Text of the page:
Posted on September 16, 2010
Beware The Bears
Sharing our space with any number of wild animals is a part of everyday life on Vancouver Island. Deer roam our streets, elk cross our highways, bunnies hop across our front yards and occasionally black bears will make their presence known around the neighbourhood. With winter around the corner, it’s high season for hungry black bears that are looking to fill their bellies before hibernation begins.
While berries and wild salmon are their preferred diet, brave bears are finding their way into residential areas for food scraps. That said, here are a few tips* to help you to stay safe while sharing our Island with the black bear population:
- Don’t ever feed bears or purposefully leave food for them – doing so will only diminish their fear of humans, making them a larger threat.
- Stick to marked trails when hiking or biking and leave your pets at home. If you must bring them with you, keep your dog leashed at all times!
- Keep your eyes open for signs of bears in the area; this includes scat, claw marks, digging and shredded wood or stumps.
- Bring your garbage cans to the curb the day of pick-up, not the night before. Further, pet food should be stored indoors.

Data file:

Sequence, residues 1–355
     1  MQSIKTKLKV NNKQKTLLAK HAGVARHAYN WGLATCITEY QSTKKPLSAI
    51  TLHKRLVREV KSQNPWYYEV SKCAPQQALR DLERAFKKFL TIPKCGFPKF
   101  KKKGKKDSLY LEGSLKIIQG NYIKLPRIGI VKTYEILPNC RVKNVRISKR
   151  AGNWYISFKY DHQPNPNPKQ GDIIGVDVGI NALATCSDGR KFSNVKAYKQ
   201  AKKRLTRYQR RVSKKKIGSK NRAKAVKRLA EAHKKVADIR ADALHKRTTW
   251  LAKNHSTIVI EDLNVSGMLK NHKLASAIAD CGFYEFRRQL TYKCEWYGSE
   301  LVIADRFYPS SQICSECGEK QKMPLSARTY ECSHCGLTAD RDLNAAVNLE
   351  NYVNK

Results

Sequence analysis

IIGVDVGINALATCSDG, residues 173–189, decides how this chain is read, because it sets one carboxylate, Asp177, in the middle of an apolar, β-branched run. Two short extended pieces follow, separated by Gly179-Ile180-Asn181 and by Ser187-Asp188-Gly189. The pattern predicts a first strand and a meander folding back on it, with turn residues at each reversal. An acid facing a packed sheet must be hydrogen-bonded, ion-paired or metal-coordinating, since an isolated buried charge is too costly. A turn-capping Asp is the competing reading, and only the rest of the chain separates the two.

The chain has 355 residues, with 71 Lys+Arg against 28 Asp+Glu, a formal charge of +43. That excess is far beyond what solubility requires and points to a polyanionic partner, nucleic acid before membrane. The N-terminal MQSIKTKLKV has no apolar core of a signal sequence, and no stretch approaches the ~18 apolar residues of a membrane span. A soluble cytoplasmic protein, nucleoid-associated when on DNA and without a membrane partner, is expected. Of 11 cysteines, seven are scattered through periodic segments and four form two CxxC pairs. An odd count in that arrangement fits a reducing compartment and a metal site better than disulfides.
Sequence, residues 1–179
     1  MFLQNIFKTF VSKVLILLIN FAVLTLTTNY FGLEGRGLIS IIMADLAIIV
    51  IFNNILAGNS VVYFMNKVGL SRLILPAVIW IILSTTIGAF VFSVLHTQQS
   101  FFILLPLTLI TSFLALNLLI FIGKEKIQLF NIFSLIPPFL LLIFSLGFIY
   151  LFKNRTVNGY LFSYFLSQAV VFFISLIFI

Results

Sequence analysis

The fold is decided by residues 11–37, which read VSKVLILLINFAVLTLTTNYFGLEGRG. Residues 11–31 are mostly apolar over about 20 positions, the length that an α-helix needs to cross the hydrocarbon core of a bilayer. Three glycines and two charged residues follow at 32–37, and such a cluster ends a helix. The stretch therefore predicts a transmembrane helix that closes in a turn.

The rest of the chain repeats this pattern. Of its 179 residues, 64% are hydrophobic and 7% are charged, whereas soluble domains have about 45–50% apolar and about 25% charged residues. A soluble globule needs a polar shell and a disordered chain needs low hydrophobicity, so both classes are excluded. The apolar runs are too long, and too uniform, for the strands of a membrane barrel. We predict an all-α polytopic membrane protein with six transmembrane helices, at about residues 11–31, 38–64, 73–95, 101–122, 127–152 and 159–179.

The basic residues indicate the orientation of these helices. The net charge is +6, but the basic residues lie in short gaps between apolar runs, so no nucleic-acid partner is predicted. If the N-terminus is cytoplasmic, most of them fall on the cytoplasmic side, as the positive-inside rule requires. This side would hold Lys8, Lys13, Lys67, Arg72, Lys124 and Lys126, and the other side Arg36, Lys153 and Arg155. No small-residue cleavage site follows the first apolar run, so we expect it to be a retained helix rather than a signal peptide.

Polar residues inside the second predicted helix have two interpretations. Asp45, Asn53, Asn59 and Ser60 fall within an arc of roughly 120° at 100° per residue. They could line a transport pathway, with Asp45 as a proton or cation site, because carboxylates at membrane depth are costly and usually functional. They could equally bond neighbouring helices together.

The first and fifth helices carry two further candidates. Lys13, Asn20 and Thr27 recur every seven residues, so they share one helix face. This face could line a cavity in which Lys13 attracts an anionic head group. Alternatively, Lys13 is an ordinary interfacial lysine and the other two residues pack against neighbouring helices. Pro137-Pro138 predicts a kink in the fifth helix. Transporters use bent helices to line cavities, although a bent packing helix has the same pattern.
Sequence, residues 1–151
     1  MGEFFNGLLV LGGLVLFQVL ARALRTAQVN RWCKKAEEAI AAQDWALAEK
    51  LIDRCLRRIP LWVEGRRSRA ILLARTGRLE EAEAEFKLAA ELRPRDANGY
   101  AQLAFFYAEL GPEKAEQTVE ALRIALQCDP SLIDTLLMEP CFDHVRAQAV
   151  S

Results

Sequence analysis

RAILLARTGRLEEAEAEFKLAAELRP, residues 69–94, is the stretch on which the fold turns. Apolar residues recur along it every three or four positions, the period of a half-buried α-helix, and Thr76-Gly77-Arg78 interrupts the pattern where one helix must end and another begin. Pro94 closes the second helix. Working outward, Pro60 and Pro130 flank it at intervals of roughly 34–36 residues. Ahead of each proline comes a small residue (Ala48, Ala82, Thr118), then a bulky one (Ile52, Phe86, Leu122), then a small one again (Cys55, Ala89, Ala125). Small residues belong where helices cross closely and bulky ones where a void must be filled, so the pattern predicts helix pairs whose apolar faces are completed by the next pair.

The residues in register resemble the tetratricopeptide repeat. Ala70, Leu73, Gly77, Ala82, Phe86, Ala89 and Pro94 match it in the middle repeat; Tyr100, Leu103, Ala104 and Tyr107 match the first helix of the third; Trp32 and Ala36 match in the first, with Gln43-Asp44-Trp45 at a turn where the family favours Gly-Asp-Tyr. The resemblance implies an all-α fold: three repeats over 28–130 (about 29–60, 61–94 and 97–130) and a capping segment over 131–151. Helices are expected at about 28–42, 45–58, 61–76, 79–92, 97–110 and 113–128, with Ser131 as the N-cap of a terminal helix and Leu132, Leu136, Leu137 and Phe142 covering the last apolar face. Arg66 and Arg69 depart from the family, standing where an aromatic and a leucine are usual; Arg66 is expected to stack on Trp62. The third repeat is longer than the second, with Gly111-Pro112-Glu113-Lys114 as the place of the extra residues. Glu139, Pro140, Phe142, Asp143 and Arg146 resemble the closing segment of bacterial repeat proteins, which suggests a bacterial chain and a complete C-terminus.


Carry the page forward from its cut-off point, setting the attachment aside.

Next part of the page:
- With summer behind us, it’s likely that your BBQ is smothered with grease and/or food scraps. Make sure your BBQ is thoroughly cleaned – a bear’s sense of smell is its most keen sense!
- Vegetable gardens, berry bushes, fallen fruit from fruit trees and compost bins are prime targets for bears, so keep them tidy.
Photo: sointula on Flickr
Don’t let the name of the black bear fool you. Black bears can range in colour from jet black to cinnamon blonde and can weigh up to 500 pound or more, depending on the sex, age and time of year.
Black bears are typically less dangerous than their grizzly counterparts; however, should you encounter a black bear, it’s recommended that you back away slowly and calmly, never taking your eyes off the bear. Do not yell or wave your arms to provoke the bear. If a physical encounter is unavoidable, assume the fetal position and use your hands to protect the back of your neck with your head tucked under.
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